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Neil deGrasse Tyson Chastises Media For Giving 'Flat Earthers' Equal Time in the Climate Change Debate

The host of Cosmos: A Spacetime Odyssey says 'science is not there for you to cherry pick.'
 
 
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Neil deGrasse Tyson, the star of Fox Networks' Cosmos: A Spacetime Odyssey, says its time to stop giving equal time to science deniers and chastised the media for creating a false equivalence in its coverage of scientific issues.

Tyson, who is also the director of the Natural History Museum's Hayden Planetarium, appeared on CNN's Reliable Sources program on Sunday, where he talked about the hypocrisy of people dismissing scientific theory while simultaneously embracing the fruits of scientific discovery “that we so take for granted today.”

Reliable Sources Anchor Brian Stelter inquired if Tyson thought the media had a responsibility in portraying science correctly, particularly when discussing controversial issues such as climate change. Tyson replied that the media was giving “equal time to the flat-earthers.”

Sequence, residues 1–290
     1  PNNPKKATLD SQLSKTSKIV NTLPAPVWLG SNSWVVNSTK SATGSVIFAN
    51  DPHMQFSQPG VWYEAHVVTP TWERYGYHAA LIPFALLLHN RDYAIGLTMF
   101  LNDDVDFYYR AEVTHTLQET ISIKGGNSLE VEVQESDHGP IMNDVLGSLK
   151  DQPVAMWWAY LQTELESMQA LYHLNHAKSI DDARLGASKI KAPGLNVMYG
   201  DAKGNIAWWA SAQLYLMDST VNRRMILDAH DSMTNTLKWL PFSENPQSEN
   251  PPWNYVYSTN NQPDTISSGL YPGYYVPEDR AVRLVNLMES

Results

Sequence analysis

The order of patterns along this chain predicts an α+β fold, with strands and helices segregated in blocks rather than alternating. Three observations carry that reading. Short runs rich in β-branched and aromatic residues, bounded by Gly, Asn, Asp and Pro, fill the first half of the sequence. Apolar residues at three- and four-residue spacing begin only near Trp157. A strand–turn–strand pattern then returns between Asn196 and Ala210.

“The media has to sort of come out of this ethos that I think was in principle a good one, but it doesn’t really apply in science,” Tyson said. “The ethos was, whatever story you give, you have to give the opposing view. And then you can be viewed as balanced.”

“Science is not there for you to cherry pick,” said Tyson. “The good thing about science is that it’s true whether or not you believe in it. Alright? I guess you can decide whether or not to believe in it, but that doesn’t change the reality of an emergent scientific truth.”

From 2006 to 2011, Tyson hosted the educational science television show NOVA ScienceNow on PBS and has been a frequent guest on The Daily Show, The Colbert Report, Real Time with Bill Maher, and Jeopardy! Tyson said he hopes his new television show, which premiered yesterday to high ratings and rave reviews, can help Americans learn how to discern science from politics, and help make people better stewards of the Earth.

Cosmos is a follow-up to the 1980 television series Cosmos: A Personal Voyage, presented by the late astronomer Carl Sagan. The executive producers are Family Guy Creator Seth MacFarlane and Ann Druyan, Sagan's widow. It premiered simultaneously in the across ten Fox Networks channels. According to Fox Networks, this is the first time that a television show premiered in a global simulcast across their network of channels.

Cliff Weathers is a senior editor at AlterNet, covering environmental and consumer issues. He is a former deputy editor at Consumer Reports. His work has also appeared in Salon, Car and Driver, Playboy, and Detroit Monthly among other publications. Follow him on Twitter @cliffweathers and on Facebook.

 
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